To cap off one of the most unusual years in American political history, the Obama administration announced Thursday that they were imposing sanctions on Russian agencies and individuals believed to have hacked into the Democratic National Committee and other political servers.
Though top Obama officials – including the president himself – have said that part of the American response to the hacks would remain covert and unpublicized, few believe that these sanctions will do much to deter Russia from further meddling.
All the same, they are one of the U.S.’s strongest responses – if not the strongest – to cyberwarfare in the digital age. And lest there be any confusion, Russia was not the only target audience.
From the NY Times:
The sanctions were also intended to box in President-elect Donald J. Trump. Mr. Trump has consistently cast doubt that the Russian government had anything to do with the hacking of the D.N.C. or other political institutions, saying American intelligence agencies could not be trusted and suggesting that the hacking could have been the work of a “400-pound guy” lying in his bed.
Mr. Trump will now have to decide whether to lift the sanctions on the Russian intelligence agencies when he takes office next month, with Republicans in Congress among those calling for a public investigation into Russia’s actions. Should Mr. Trump do so, it would require him to effectively reject the findings of his intelligence agencies.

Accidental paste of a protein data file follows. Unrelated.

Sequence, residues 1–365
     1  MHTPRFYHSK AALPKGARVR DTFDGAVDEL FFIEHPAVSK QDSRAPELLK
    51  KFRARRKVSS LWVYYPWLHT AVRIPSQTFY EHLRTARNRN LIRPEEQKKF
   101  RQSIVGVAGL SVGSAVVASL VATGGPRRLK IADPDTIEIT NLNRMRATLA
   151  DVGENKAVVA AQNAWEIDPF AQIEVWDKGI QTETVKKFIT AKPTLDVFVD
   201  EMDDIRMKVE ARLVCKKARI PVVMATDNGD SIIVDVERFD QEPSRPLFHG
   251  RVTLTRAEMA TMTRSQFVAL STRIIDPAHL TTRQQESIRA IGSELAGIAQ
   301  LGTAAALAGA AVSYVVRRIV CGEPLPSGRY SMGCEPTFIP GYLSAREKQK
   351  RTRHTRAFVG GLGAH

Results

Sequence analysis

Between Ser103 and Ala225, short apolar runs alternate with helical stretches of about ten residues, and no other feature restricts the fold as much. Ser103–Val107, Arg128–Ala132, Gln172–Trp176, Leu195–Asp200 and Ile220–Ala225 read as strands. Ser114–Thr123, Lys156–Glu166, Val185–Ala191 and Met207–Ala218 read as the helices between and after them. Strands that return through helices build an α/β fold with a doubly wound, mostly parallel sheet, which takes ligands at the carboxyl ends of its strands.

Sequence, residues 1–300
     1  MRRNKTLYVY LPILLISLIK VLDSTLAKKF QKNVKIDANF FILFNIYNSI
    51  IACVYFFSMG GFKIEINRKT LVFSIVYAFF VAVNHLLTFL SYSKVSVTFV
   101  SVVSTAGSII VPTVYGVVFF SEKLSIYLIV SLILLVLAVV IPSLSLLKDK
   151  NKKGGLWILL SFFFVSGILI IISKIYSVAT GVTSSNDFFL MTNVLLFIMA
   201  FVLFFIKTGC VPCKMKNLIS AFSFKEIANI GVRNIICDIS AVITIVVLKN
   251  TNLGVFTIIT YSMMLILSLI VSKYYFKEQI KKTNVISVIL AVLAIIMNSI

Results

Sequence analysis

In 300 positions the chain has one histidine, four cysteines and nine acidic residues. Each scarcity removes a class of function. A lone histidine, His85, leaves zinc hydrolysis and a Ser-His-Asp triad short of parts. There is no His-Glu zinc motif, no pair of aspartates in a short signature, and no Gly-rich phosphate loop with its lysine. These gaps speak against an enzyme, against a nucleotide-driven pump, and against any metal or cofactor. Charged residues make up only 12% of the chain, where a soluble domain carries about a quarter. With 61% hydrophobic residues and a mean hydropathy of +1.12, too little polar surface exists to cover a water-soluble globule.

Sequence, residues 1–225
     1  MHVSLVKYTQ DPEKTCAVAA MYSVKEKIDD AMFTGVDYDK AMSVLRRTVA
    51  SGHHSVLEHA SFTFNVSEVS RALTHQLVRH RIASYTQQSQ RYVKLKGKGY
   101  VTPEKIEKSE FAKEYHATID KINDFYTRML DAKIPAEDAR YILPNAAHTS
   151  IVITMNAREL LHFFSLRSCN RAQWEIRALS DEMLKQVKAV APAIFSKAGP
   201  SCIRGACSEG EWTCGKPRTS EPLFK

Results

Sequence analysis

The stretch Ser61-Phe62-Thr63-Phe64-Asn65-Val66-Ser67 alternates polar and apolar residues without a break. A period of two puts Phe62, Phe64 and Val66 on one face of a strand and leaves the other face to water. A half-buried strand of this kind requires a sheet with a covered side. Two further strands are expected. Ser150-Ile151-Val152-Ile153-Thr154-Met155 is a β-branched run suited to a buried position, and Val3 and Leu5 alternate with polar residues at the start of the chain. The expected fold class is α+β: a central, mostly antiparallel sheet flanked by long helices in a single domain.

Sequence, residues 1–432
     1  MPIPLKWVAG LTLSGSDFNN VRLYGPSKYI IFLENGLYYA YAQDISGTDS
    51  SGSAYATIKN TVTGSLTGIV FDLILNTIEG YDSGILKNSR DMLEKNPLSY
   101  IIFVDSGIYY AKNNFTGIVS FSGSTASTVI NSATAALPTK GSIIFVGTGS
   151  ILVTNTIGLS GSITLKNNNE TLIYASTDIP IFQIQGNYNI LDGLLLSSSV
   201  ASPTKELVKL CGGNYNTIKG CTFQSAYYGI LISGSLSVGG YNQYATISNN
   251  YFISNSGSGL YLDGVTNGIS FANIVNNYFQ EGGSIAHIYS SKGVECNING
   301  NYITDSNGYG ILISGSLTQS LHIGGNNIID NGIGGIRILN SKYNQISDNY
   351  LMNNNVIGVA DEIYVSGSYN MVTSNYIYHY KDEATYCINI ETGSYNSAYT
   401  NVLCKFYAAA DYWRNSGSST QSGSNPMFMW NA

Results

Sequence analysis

Judging by Trump’s reaction to the hacks thus far, it’s hard to imagine that he will stand by any punitive action taken by the Obama administration. On Wednesday, when asked about the impending sanctions, Trump was not terribly enthusiastic.
“I think we ought to get on with our lives,” he said. “I think that computers have complicated our lives very greatly. The whole age of computer has made it where nobody knows exactly what is going on. We have speed, we have a lot of other things, but I’m not sure we have the kind of security we need.”
It’s clear that even now, Trump has his doubts about the Russian government’s involvement in this episode. In the broader picture, though, the Kremlin’s interference – to the extent that it exists – is standing in the way of Trump’s ultimate goal, which is to pursue normalized relations with Russia. At his core, Trump is a pragmatist. He knows we can play the sanctions game until the universe collapses or we can start mending fences and moving forward.
Alas, until January 20th, Obama still has the ball.